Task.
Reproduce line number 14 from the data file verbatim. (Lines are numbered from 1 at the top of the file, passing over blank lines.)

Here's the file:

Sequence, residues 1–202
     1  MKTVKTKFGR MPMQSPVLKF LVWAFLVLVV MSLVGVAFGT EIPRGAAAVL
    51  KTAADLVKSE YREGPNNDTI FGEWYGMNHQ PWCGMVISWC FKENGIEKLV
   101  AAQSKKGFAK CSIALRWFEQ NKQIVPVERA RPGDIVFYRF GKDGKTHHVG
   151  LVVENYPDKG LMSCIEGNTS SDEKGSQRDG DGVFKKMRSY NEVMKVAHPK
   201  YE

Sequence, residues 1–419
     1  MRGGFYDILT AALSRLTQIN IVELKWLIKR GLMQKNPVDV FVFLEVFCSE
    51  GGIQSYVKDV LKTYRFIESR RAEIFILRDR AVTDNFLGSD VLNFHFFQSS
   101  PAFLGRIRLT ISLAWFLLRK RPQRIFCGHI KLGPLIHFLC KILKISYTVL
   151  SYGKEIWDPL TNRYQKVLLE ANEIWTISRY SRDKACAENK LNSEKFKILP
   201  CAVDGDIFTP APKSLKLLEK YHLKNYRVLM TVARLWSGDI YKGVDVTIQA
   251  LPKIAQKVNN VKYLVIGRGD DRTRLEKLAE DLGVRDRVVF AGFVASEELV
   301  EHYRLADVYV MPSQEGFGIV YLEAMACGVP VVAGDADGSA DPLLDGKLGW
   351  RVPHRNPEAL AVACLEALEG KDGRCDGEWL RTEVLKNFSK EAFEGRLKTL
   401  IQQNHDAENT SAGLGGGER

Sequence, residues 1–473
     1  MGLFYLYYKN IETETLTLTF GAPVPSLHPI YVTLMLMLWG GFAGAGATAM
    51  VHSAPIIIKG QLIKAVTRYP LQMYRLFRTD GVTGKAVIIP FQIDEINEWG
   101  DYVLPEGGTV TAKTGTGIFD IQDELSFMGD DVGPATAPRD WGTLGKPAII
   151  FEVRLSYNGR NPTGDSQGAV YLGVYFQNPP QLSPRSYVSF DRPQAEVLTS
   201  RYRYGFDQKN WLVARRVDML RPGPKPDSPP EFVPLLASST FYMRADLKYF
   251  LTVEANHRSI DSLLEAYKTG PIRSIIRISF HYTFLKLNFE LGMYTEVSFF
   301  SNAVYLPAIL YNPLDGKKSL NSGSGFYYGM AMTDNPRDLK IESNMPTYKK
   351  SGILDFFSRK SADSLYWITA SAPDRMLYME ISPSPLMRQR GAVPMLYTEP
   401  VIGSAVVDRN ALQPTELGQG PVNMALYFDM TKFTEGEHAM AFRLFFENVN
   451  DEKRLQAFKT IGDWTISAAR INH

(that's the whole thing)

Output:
   301  EHYRLADVYV MPSQEGFGIV YLEAMACGVP VVAGDADGSA DPLLDGKLGW